The first time I heard about LaConner, Washington, was about a year ago. A friend had spent some time there and said that it was a ‘cool’ town. I”ve always viewed ‘word of mouth’ testimonials to be the most accurate, as opposed to advertisements or commercials.
So when I got this week’s walk schedule from the Northwest Tulip Trekkers Volkssport Club in Bellingham and noticed the Thursday walk was in LaConner, I got excited.
I’ve belonged to this club since December 2017 but have never been to any of their walks, so this was going to be my first – and they say that you’ll always remember your first! I still remember my first kiss, broken heart and my first broken bone.
So on Thursday morning, I left the house at 8:00 AM and headed for the USA border, which is about a 15-minute drive. From there it’s about a forty minute drive to Burlington, WA, and then you take Hwy 20 west for about 15 minutes to LaConner. While driving through Bellingham, I noticed that the air wasn’t as smokey as it was in the Lower Mainland, so my throat will be thankful. I’ve been doing a lot of coughing since the smoke took over British Columbia, several days ago. And by the time I reached the marina at LaConner, the air seemed more breathable than either BC’s Lower Mainland or Bellingham!
I know several of the members of this club because they often come to British Columbia to walk with our Volkssport Clubs. I recognized Tom and his wife Sue right away, and as we were shaking hands, I was tempted to tell him how much David Crosby of Crosby, Stills, Nash & Young fame, resembles him! Next, to the Eagles, they were my favorite band of the sixties. But I didn’t tell him – even though I would have meant it as a compliment – I didn’t.
Tom and Sue explained that several people had canceled plans to walk because of the lingering effects of the smoke. They introduced me to Alice, and we four began our walk.
The picture (above) conceals something very special – almost magical. If you were walking or driving by – you wouldn’t even notice. But Tom led us to a place between the two buildings and this is what he revealed. Click this link: Surprise!
The first one I ever broke was my collarbone. I did it falling out of a tree when I was very young. And today, the Little Danny in me wanted to climb this Beech tree so bad – but an inner voice told me to grow up and act my age!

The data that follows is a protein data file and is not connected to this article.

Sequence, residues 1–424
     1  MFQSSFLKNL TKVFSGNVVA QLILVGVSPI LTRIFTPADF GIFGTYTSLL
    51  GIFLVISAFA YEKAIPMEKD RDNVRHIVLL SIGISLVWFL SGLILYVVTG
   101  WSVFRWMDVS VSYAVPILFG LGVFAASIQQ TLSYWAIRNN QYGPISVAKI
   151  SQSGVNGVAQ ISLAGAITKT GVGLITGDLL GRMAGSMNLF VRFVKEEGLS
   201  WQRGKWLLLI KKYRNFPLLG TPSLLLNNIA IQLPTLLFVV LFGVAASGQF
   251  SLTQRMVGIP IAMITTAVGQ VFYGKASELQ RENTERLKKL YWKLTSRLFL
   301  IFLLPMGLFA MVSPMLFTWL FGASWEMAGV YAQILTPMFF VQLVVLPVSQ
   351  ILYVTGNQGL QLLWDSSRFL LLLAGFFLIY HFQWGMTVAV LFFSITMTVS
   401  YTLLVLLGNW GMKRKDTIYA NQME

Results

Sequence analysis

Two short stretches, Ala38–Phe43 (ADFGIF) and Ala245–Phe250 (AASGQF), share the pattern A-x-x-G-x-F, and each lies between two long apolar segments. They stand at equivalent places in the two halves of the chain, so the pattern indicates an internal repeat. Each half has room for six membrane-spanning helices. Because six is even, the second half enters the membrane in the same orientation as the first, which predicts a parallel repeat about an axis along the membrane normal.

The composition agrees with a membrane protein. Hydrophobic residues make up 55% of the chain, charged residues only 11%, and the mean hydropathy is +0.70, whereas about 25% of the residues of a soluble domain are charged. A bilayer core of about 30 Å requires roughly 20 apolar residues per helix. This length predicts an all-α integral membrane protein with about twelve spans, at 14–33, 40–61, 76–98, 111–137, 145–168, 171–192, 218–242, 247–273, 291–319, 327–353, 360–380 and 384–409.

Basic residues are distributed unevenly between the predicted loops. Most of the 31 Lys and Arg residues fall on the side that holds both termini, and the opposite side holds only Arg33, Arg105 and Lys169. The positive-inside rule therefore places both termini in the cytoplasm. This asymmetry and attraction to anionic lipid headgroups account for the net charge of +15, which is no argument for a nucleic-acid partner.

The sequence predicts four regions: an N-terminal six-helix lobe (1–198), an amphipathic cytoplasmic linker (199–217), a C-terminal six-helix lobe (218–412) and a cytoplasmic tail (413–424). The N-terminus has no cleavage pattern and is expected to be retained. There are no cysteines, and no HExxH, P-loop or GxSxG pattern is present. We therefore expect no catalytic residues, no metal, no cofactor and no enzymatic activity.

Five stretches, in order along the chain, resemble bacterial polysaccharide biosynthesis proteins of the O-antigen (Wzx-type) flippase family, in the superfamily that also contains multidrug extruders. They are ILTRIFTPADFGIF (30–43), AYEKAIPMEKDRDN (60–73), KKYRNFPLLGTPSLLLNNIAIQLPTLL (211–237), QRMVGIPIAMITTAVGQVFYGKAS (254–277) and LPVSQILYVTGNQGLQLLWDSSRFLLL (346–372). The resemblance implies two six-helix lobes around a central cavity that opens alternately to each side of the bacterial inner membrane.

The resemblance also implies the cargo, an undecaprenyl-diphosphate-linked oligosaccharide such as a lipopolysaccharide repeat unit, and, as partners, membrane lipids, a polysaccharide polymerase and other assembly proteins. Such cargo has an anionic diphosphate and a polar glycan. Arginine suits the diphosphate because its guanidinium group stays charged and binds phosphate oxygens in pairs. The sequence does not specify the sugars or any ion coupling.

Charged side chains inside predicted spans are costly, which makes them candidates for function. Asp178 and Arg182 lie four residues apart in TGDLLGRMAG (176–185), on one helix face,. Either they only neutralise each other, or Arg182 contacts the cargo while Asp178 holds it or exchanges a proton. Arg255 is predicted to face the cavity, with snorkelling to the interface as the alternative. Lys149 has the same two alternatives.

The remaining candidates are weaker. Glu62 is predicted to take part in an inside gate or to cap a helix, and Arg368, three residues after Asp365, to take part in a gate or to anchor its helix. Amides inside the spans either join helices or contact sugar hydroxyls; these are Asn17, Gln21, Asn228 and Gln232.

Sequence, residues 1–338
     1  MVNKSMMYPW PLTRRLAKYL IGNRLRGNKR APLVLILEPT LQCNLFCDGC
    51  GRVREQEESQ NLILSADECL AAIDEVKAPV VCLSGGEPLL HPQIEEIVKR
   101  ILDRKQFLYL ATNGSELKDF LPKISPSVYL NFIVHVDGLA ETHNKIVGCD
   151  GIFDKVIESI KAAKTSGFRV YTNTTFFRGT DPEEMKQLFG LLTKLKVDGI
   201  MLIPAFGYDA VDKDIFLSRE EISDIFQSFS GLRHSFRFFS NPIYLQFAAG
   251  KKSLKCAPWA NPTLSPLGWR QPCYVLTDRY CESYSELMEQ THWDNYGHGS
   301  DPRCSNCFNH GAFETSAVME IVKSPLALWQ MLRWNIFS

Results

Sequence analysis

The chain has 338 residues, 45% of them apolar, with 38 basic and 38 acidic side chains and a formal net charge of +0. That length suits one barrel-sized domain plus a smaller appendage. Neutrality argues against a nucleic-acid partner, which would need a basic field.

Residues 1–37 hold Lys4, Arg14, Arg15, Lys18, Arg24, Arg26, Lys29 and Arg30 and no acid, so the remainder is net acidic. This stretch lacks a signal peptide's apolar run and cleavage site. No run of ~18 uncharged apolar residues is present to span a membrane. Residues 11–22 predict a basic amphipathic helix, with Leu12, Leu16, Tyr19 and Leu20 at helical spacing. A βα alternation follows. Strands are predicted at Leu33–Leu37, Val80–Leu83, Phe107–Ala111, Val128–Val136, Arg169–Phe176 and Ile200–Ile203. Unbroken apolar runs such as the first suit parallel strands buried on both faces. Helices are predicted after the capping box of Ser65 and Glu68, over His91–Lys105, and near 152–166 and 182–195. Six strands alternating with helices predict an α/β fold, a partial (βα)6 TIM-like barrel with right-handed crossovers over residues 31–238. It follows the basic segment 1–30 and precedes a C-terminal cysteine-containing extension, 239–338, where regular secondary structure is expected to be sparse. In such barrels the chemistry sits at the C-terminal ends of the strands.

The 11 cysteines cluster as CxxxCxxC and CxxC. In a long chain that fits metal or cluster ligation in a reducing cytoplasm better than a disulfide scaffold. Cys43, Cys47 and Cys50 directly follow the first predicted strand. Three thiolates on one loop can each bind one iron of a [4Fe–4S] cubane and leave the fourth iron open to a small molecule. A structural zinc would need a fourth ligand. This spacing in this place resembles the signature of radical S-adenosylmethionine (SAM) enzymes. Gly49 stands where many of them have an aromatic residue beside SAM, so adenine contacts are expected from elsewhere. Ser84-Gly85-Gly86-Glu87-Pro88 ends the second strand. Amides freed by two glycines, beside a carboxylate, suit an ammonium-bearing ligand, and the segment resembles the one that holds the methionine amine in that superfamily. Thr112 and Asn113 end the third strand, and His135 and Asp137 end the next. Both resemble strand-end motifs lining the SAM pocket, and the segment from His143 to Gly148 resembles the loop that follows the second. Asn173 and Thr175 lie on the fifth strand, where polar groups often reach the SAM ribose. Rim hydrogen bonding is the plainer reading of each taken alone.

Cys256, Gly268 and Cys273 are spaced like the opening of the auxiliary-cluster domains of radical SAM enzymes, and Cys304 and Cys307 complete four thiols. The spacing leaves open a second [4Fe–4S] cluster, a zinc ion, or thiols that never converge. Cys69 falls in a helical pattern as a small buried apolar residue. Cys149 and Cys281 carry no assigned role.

We continued walking down the main street – with the many shops, restaurants, and a beautiful waterfront walkway. Tom and Sue explained the history of the town and how it’s founder had named the city after his wife’s name (Louisa) and his name (Conner). Many of the buildings date from the 1880’s. Here is a memorial to Louisa Conner on the hill overlooking the town:
Click this link: Louisa memorial
We then headed to the beach park and this colossal salmon that gave me a bit of a thrill.
The photo is what the salmon sculpture looks like from the street, but when you walk up to its mouth, you notice something extraordinary inside the salmon’s mouth!
Click this link: Inside salmon’s mouth
Well, now I can say that I’ve been ‘salmoned’ which could pass as a version of Newfoundland’s famous ‘kissing a cod’s mouth’ during the ‘screeching-in’ ceremony. I still have my screeched-in certificate from the ’90’s, while I was working in Atlantic Canada.
Regular readers of my blog know how much I love bridges. The bridge in LaConner is a beauty!
Click this link: LaConner Bridge
And as we made our way through the town, Tom and Sue had one more surprise for me. It was along Fourth Street – standing all alone – another giant tree to climb! As we walked closer, I couldn’t believe my eyes – the most massive Oak tree that I’ve ever seen.
Here is a video clip of the tree up close:
Click this link: Giant Oak Tree
Tom suggested that I climb it, and he’d take a picture of me, but I was happy to touch it. But one day, I’m going to climb that tree – but I’ll need someone to take my picture…
In closing, this was one of my favorite walks, and I feel that I’ve made three awesome friends! It doesn’t matter if you’re walking in the pouring rain or trying to plow your way through snow drifts – when you’re walking with exceptional people – you tend to smile a lot. And a day later, I’m still smiling from ear-to-ear! Thanks, Alice, Sue, and Tom!
Dedicated to friends, Tom, and Sue Wallace
Today’s tune (from Danny’s library of purchased music)